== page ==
Policy should not be idiosyncratic. If the United States has a policy of intervening to stop genocide, then it should intervene to stop every genocide, or have a good explanation why it is not stopping a particular genocide if it is its policy to do so. Likewise, a U.S. policy of preventing foreign governments from murdering its citizens should result in U.S. action anywhere a government acts to commit murder against its own citizens.

This is ostensibly the policy basis of U.S. actions against Libya. The Libyan government was bombing and otherwise murdering its own citizens in an attempt to halt a rebellion and insurgency, and President Obama and NATO elected to intervene to stop it based on an alleged policy. If this is truly U.S. policy, however, then we should see similar interventions elsewhere. Surely Libya is not the only government to threaten or bomb its own citizens.

No one would deny that North Korea, for example, has one of the most brutal regimes it he world. The North Korean government is known to murder its citizens who try to escape into China, hoard donated food supplies while its people starve, and even operate concentration camps within the country for political prisoners and their families.

Murder of civilians, starving citizens, concentration camps… aren’t these all policy reasons we have used to justify foreign interventions before? Indeed. So why have we not put a no-fly zone over North Korea? Or Sudan? The Sudanese government is widely known to have supported genocide against its own citizens in Darfur by arming regional militias. So why were U.S. or NATO or any coalition’s fighter jets not taking out strategic targets in Sudan?

I don’t necessarily have definitive answers to these questions, and I actually do support military intervention against Libya (and would have against Sudan). Rather, my role here has been to try to bring some clarity to an often misappropriated term – policy. It can really serve to delegitimize U.S. actions and intentions if we misuse that concept, as we do so frequently. Claiming that we are intervening in Libya because we have a “policy” of military intervention when a government is murdering its citizens leads many to question why we are not intervening in other areas when other governments murder their citizens. And those questions are legitimate ones.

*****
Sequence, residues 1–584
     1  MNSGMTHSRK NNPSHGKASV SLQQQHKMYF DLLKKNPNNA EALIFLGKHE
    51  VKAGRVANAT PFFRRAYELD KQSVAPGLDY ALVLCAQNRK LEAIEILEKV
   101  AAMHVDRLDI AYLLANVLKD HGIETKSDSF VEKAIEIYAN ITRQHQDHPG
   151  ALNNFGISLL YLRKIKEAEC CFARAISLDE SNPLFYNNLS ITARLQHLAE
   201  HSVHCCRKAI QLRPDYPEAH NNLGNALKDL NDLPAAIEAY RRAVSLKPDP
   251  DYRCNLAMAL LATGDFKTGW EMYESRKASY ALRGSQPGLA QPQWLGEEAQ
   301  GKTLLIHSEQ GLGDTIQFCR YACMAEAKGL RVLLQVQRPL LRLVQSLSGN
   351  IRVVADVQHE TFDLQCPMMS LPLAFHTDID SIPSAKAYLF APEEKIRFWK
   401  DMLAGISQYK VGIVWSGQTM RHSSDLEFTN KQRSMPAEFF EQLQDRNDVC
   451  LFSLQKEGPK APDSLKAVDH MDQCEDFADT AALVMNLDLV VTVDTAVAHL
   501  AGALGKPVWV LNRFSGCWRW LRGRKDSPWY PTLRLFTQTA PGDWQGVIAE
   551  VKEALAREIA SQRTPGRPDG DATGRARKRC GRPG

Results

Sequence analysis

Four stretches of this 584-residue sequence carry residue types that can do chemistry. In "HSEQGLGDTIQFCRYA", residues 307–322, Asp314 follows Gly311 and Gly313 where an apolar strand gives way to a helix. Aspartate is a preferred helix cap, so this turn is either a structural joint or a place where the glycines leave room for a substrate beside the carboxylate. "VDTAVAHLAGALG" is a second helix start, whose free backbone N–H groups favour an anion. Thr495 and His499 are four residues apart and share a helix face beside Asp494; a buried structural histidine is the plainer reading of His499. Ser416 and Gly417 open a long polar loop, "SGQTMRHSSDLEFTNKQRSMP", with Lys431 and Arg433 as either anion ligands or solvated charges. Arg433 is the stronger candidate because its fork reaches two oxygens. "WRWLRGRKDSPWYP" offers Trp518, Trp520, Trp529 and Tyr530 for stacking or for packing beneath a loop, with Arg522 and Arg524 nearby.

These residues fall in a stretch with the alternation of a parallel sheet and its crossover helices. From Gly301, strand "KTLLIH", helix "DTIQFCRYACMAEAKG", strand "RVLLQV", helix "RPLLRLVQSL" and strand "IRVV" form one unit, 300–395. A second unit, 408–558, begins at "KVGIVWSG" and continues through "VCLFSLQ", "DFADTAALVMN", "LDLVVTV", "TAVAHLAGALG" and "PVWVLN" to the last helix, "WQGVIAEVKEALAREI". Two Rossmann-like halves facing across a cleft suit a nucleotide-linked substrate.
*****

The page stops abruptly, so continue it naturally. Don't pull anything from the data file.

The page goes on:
Instead, we should be honest with the world, and with ourselves. We are intervening in Libya because Ghadafi is a nuisance and we believe the world – and Libya – would be better off without him in power.

Defense Authorization Bill Needs Lame Duck Action

For 48 consecutive years the U.S. Congress has passed, and the President has signed, a defense authorization bill to authorize funding for new weapons systems, military research programs, troop pay raises, recruitment bonuses and other significant programs and benefits for America’s armed forces. This year, however, Congress may decide to go on an extended holiday vacation in mid-December rather than stick around to take up this important piece of annual legislation. The President, too, may decide to take off for warm, sunny Hawaii rather than stick around cold, dreary Washington to help strong-arm the bill through a weary Congress. But the work still needs to get done, and it needs to get done before anyone in Washington boards a plane for winter vacation.

Both parties are playing textbook political games with this legislation, and it needs to stop. If for the sake of just doing the right thing isn’t enough, then the fact that Americans can now see through the rhetoric-laden press statements and cheap tactical maneuvering should provide sufficient motivation. While Democratic leaders in the Senate have tried to delay striking a procedural deal with moderates as long as possible, hoping in the end to be able to blame those same moderates, Republicans have for days been holding all legislation hostage in order to coerce the Democrats into a deal on tax policy. In the end, anyone with a high school education will be able to recognize – and hopefully remember – the ridiculous games each party was willing to play while a ready-to-go defense bill sat collecting dust.